As of December 31, 2018, 401(k) plans held an estimated $5.2 trillion in assets and represented 19 percent of the $27.1 trillion in US retirement assets, which includes employer-sponsored retirement plans, individual retirement accounts (IRAs), and annuities. In comparison, 401(k) assets were $3.1 trillion and represented 17 percent of the US retirement market in 2010.
As of 2016, about 55 million American workers were active 401(k) participants, and there were nearly 555,000 401(k) plans. Understanding the key differences between IRA & 401k plans may help you avoid info overload and get on the way to putting your money to work. So, let’s break down some of the key differences & keep in mind some of these differences can be costly if we think an option is available & it isn’t.
- One critical difference between IRAs and 401(k)s is the 10% penalty for withdrawals prior to age 59 1/2. People who participate in 401(k) plans with their employer have an option at age 55 not available to IRA participants: Once they are 55, if they retire or get laid off or fired, they can select one of three withdrawal options that avoid the 10% penalty on their distributions.
- Another option available to some 401(k) participants is a plan loan which if repaid while still employed with the company there is no penalty. However, if the employee leaves without repaying the loan in full, any amount outstanding is considered a distribution, is taxable and carries a 10% penalty prior to age 59 1/2. (IRA participants do not have a loan option.)
- Unlike 401K holders, IRA holders can make early withdrawals without incurring a 10% penalty for the following: higher education, the purchase of a first home and health insurance payments (in the case of unemployment).
- Withdrawals are taxable at ordinary income tax rates. For you 401(k) participants beware, withdrawals for these purposes will incur a 10% penalty if made prior to 59 ½.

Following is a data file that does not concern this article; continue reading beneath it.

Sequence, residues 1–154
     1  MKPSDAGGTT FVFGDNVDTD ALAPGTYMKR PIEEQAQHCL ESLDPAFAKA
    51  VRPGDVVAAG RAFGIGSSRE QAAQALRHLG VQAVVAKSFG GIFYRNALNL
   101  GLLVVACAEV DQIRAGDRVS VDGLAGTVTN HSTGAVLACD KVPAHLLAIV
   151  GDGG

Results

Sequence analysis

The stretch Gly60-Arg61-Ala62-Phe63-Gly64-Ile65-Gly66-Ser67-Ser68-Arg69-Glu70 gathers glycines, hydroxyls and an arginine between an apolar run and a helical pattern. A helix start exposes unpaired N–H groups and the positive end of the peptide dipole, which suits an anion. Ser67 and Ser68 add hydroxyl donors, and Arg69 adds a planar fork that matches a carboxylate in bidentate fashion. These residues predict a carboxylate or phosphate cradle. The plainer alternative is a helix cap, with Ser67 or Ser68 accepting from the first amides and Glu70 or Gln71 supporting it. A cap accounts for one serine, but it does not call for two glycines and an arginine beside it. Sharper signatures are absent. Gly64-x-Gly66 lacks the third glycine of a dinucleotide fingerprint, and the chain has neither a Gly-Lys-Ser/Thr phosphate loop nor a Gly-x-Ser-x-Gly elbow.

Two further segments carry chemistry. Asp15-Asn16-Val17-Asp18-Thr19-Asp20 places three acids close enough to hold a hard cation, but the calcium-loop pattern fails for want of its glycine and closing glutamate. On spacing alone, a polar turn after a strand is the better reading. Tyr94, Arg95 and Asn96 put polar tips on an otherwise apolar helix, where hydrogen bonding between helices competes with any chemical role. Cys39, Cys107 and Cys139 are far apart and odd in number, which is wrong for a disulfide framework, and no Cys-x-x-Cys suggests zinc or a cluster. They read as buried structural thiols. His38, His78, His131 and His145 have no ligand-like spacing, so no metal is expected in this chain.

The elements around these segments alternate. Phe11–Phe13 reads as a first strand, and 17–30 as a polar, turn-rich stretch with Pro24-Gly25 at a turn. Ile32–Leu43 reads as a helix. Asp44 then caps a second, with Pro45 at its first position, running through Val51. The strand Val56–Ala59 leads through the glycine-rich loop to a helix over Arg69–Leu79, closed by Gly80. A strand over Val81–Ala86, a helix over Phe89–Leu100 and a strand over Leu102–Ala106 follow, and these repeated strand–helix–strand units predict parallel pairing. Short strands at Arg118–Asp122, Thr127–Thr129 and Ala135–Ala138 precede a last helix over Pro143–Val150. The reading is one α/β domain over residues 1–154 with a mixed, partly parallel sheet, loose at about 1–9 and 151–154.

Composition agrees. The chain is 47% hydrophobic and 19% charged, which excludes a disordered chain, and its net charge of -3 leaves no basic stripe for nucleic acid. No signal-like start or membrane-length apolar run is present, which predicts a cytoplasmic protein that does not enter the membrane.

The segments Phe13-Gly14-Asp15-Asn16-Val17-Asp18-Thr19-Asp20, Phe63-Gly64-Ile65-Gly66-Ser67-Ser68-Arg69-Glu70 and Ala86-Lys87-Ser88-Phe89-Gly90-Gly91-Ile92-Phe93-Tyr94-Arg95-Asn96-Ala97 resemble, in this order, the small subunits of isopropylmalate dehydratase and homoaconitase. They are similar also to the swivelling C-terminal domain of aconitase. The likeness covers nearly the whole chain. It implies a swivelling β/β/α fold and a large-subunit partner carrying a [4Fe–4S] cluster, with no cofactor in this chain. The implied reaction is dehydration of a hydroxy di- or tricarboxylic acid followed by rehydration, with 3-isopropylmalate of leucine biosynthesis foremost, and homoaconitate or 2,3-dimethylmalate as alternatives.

However, there is a work-around to avoid the penalty as some 401(k) plans allow partial rollovers to IRA accounts while the account holder is still employed and participating. By rolling over some of the 401(k) funds into an IRA, the individual then has the option to make withdrawals for higher education, a first-time home purchase or health insurance without incurring a 10% early-withdrawal penalty. Withdrawals, however, are taxable at ordinary income tax rates.
- Some investors may find themselves in a situation in which they have no reportable income in a specific year. In this situation, they are tempted to make withdrawals from their retirement plan. Subsequently, they think since there is no income, they won’t be subject to the 10% early withdrawal penalty. Unfortunately, that penalty is still in effect for all distributions until the age of 59 ½.
Another potential pitfall is associated with medical expenses.
- The IRS allows an exception to the 10% early withdrawal penalty on both IRAs and 401(k)s when the funds are used to pay medical bills (only when those are unreimbursed expenses exceeding 10% of gross income) in the same year the distribution is made. So, it is important to make the withdrawals and payments in a timely basis (same year). Otherwise the IRS will disallow the exception, and a 10% penalty will apply.
When a person withdraws funds from his/her retirement plan, his or her AGI increases, and the 10% floor increases as well. For example, a $10,000 withdrawal increases AGI by $10,000, and the floor increases by $1,000. So, a taxpayer with an adjusted income of $50,000 prior to the withdrawal would only be able to claim a deduction if he/she had medical expenses that exceeds $6,000 (10% of $60,000). Yes, even those who do not itemize can use the exception.
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Source: Elliot Raphaelson Tribune News